When you eat, notice if certain foods cause you to experience an adverse reaction such as a stuffy nose, fatigue, headache, bloating, or gas. By eliminating the foods that create inflammation in your brain and body, you’ll find that your pain decreases and your physical energy and mental clarity increase.

  1. Meditate.

Studies show that regular meditation improves brain function and can help the brain recover from inflammatory damage. Regular meditation also has been shown to improve our ability to tolerate and recover from stress. Meditate for 20 to 30 minutes a day and see if you notice a difference.

  1. Make time for manual therapy.

Hands-on therapies such as osteopathic manual therapyphysical therapy, massage, and chiropractic therapy can help relieve, and in some cases, completely resolve chronic musculoskeletal pain.

Whatever the pain’s origin — whether its disease, traumatic injury or overuse, or emotional stress — bodywork can help stimulate healthy blood flow into damaged muscles, tendons, and connective tissue, thereby relieving musculoskeletal pain and tension and stimulating the body’s own ability to heal itself.

In fact, manual therapy is so effective in unlocking the emotional stress and trauma stored in our bodies that I often also recommend working with a psychotherapist who can help you process these issues.

  1. Take nutritional supplements that are right for you.

There are supplements on the market that can help address generalized inflammation and joint pain. Supplements are also a great way to strengthen your immune system and help keep you healthy. However, before you start taking any new product, make sure you are buying from a trusted supplier; the U.S. Food & Drug Administration does not regulate the manufacture and marketing of supplements as they do with prescription medication.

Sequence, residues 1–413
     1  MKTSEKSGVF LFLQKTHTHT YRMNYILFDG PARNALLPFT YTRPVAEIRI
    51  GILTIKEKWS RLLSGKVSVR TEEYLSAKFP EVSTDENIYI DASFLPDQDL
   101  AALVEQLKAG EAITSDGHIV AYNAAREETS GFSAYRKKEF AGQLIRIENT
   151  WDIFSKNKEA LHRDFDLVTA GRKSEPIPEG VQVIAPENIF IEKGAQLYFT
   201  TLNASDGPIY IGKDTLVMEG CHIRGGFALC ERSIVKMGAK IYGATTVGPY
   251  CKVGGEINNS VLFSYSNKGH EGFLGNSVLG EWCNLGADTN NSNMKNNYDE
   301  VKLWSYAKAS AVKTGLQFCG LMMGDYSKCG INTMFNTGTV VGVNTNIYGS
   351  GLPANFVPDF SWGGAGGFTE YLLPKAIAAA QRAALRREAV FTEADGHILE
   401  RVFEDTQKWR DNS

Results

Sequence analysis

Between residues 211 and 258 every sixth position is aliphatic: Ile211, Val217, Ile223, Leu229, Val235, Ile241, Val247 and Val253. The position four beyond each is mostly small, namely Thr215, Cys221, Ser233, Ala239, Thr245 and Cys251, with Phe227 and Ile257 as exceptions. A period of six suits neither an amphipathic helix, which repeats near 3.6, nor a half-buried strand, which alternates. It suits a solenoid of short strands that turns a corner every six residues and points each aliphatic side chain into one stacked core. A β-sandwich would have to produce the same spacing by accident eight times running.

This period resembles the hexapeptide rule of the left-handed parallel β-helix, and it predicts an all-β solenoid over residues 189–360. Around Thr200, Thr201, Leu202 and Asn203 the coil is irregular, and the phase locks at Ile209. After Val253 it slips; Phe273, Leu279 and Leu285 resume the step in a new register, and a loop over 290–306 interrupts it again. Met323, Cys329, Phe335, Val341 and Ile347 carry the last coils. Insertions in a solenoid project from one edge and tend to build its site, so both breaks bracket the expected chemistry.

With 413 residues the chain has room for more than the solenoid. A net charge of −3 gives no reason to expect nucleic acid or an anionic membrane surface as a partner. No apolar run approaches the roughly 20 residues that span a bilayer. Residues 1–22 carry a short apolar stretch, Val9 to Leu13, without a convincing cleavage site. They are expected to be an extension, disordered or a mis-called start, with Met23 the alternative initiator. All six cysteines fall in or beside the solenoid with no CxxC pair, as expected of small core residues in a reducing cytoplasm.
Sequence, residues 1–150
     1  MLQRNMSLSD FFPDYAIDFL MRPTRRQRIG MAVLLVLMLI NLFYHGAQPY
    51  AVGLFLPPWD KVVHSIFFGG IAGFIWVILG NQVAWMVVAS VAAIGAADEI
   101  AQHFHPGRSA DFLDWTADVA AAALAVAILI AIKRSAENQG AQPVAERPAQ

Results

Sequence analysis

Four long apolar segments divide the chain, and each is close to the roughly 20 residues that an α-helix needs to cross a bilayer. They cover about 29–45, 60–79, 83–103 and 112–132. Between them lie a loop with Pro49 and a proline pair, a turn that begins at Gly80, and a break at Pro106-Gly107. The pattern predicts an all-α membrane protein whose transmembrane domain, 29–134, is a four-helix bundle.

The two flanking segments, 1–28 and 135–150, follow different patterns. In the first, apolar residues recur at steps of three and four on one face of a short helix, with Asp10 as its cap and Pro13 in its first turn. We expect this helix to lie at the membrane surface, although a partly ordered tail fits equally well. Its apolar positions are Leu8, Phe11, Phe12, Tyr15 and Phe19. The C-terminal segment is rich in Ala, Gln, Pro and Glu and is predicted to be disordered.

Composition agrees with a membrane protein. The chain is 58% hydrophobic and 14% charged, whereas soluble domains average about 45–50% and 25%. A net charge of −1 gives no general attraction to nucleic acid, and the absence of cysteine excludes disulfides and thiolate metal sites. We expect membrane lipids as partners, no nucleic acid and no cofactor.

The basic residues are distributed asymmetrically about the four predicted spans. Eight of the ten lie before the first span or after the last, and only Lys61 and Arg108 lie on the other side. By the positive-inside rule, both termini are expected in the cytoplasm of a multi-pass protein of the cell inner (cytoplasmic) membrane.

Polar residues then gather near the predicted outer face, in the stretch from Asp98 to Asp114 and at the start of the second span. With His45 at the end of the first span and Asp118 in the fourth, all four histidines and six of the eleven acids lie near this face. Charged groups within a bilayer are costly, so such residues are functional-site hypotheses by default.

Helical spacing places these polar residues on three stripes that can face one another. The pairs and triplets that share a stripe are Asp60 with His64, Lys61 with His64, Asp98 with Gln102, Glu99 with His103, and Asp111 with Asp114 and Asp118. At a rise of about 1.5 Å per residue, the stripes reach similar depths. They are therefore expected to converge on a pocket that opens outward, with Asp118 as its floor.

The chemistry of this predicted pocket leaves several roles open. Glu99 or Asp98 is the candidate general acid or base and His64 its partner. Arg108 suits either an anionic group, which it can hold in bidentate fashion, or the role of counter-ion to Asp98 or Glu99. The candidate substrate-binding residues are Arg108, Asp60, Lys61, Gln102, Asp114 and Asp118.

Talk with your doctor about the medications and other supplements you are already taking before starting a new supplement because some products can cause drug interactions. 

  1. Practice gratitude.

Although this is sometimes a lot to ask of people whose lives have been devastated by chronic pain, the cultivation of gratitude for family and friends and the other gifts in our lives helps make us more trusting, altruistic, resilient, and just plain happier. It also allows us to live each day more fully.

I recommend keeping a gratitude diary and listing five things for which you are grateful each day. Other gratitude exercises include visualizing and writing about your future, best possible self; putting your gratitude into action by writing a thank-you note or visiting a person to whom you owe a debt of gratitude. Spending time each day contemplating the things for which you are grateful is likely to help reduce not only your stress level but also your experience of physical pain.

Good luck on your healing journey!